- Use a very sharp blade. A dull blade will damage St. Augustine grass, causing it to eventually turn brown.

- While waiting for bare spots to fill in, spread annual rye grass seeds from October to March and patch seeds from March to October.

- Palm fertilizer with higher than 10% Nitrogen can be used on all plants including St Augustine Grass.

- Dry season mowing is less often because this grass slows its rate of growth, so I have been able to get away with mowing every 2 -4 weeks, from October - March sometimes...

- Rainy season mowing has to mow more often because this grass at a faster rate from March - October. Please note since the grass is growing faster and it tops out at 5 inches tall, i can sometimes get with not mowing so often because the grass is usually grown out to 4 inches and is strong enough to go without a cut now and then looking fairly close to how it would look at 4 inches normally. I usually can get away with mowing every 2 weeks.

Most of my neighbors mow every 3 days or once a week regardless, which seems like such a waste of money and time or they don’t mow or water as often as they should and resembles a sandy pit of weeds, because they have given up.

- A healthy St. Augustine grass lawn effectively crowds out most weeds.

--- NANA
AUGUST 31, 2010

Saturday, August 28, 2010

See a mosquito, smack a mosquito !

It is as natural as breathing. Mosquitoes in Florida are just a way of life in the south.

Some days I simply forget about them, then out of nowhere they sneak up on me and like an unwanted guest, they leave a sting that makes me run for the house for bug spray.

I have heard friends that use ammonia and skin lotion mixed together that works really well when applied to the sting afterwards. I don’t personally know if that works, but I may try this and let you know. Maybe you have some tried and true methods you'd like to share? I use DEETS because it works, although I hear it causes cancer?

Like all living things even those unwanted pesky mosquitoes play an important role in the, “circle of life -ecosystem." So if we kill every last one -we will in some way be cancelling out the human race as well.
On the other hand we know that mosquitoes spread disease as well as, that nasty itchy welt.

I heard somewhere that it takes a mosquito, "5-days" to emerge from egg to flying biters. I have life outside my garden, so even though I may be in my garden, there are times I am too busy to be everywhere in the garden so it is possible that mosquitoes are breeding without my knowledge.

First I needed to learn how to they breed and feed. Mosquitoes are really no different from other insects. Like butterflies, mosquitoes have a 4-part life cycle (egg, larva, pupa and adult). Females lay the eggs on surface water. The young are not strong swimmers so the water they seek should not be water fountains or moving water, instead they seek areas of little to no movement. The young larva feed on bacteria and algae and molts several times, eventually pupating and emerging as winged adults. Adults feed on nectar and pollinate plants such as orchids and goldenrods. The females feed on blood to get iron and protein only when they are ready to reproduce.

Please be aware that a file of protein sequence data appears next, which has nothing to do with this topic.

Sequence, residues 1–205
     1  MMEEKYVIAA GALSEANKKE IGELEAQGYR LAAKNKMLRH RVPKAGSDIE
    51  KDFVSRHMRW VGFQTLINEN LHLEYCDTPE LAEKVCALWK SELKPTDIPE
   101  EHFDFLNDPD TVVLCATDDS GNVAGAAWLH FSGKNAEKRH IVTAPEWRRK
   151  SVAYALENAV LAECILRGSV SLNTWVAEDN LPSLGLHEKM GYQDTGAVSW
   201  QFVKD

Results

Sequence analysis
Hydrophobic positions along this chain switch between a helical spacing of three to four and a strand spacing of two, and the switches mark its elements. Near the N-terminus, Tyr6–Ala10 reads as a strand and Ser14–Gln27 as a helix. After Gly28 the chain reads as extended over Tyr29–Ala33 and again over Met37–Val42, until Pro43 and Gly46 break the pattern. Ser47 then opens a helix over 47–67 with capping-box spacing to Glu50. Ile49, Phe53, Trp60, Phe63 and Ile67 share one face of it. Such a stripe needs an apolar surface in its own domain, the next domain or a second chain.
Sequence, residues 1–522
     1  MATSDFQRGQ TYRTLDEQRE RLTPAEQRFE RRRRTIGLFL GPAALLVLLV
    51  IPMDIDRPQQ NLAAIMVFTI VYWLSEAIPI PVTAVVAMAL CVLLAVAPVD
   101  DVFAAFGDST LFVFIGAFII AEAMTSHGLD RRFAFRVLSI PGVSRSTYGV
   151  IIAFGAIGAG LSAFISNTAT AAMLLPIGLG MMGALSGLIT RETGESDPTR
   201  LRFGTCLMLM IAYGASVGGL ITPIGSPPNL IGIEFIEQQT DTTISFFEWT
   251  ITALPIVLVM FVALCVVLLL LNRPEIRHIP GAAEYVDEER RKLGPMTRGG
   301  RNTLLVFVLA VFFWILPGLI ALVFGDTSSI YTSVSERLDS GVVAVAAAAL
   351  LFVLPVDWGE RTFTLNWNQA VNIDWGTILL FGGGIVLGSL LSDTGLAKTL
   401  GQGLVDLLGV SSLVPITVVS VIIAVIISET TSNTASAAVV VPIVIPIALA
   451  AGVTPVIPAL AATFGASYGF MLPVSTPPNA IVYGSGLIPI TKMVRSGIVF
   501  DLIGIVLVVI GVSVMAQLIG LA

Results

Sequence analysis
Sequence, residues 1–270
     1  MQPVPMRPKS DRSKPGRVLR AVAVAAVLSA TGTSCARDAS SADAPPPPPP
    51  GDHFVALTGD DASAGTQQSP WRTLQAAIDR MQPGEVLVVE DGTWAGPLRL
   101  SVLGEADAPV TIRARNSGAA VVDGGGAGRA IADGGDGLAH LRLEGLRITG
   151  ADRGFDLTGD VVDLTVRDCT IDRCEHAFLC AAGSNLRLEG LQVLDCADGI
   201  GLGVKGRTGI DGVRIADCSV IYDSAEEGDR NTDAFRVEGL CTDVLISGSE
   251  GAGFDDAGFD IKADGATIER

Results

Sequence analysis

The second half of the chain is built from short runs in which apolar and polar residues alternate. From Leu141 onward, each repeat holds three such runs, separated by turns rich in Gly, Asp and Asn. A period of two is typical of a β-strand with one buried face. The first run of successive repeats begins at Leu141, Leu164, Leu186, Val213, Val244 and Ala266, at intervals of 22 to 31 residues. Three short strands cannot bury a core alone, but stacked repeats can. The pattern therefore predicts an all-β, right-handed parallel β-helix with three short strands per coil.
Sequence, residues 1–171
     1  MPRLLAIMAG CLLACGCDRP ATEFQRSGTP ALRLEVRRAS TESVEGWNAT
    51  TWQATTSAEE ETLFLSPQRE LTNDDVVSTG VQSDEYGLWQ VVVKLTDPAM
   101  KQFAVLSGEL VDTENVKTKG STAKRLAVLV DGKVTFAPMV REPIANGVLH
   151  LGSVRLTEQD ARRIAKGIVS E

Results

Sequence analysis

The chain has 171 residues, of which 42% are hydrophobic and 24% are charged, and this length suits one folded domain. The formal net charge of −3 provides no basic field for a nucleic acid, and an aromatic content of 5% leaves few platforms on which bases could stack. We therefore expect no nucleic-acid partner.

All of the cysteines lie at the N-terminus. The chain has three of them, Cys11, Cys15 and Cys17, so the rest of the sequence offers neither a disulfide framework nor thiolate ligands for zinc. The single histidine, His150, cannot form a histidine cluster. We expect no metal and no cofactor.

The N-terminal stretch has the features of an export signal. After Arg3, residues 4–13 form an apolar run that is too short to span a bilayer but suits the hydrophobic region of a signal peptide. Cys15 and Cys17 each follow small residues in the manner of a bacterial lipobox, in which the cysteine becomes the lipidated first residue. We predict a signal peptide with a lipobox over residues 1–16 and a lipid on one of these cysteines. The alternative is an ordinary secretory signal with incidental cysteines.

Mosquitoes are eaten by bats, birds, fish, lizards, frogs, and a vast myriad of wildlife like dragon flies. So mosquitoes are feeding the wildlife I enjoy having in the garden and they help pollinate the plants I also enjoy having around. So I am being green and doing my part in having them around. Hmmm

I enjoy the benefits that the mosquitoes are providing, but I still want to limit them from breeding in my garden. So everything you hear about not having standing water on property is true… look for anything that holds water --clogged rain gutters, flower pots, puddles --these are great areas for baby mosquitoes to live in. So bird baths need to clean weekly.

If you have a pond and you can guarantee that it does not lead to any natural waterway, try stocking it with non-native fish like mosquito fish or gold fish. If these fish were to be released into the natural waterways…again in some way I feel, by changing the circle of life we are in some way cancelling out the human race down the road. Pesticides can be toxic to predators that reduce mosquito populations. Never put Oil on water surfaces, as this will pollute the water and kills many other beneficial forms of life. ...

I heard somewhere you can buy something called Bti and they come in disc form and you put these into ponds. Bti is supposed to work very well, although harmful to some of the insects that eat mosquitoes.
I have been told that bug-zappers don’t work on female mosquitoes because they are attracted to carbon dioxide, body heat and water vapor trails usually found from their object of desires.
Natural repellants with citronella, lemon balm and mint are effective if reapplied often. There are no plants that repel mosquitoes without human intervention.
According to some experts DEETS, picaridin, and oil of lemon eucalyptus is very effective.

Sometimes common sense is your best defense. Avoid going outside at dawn or dusk when they are out on their hunt and where long sleeves, long pants to cover exposed skin. True southern folks knew fans under the covered porches worked well since mosquitoes are not good flyers either… they cannot stand up to windy conditions of a fan. So an evening out walking of sitting with a fan in hand is sometimes all you need.

So there it is ….Mosquitoes are good, bad and ugly….

--Nana
August 28, 2010